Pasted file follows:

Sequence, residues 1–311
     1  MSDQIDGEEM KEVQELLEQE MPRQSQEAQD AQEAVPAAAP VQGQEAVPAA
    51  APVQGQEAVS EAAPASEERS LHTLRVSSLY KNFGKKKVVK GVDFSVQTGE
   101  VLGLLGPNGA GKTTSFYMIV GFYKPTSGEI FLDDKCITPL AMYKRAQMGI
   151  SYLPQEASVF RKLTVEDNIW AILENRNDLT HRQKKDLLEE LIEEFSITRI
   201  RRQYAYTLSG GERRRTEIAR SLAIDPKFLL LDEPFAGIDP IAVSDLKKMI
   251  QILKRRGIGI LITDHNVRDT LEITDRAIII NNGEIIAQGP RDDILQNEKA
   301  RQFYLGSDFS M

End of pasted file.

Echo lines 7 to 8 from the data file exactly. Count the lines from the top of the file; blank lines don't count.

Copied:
   251  QILKRRGIGI LITDHNVRDT LEITDRAIII NNGEIIAQGP RDDILQNEKA
   301  RQFYLGSDFS M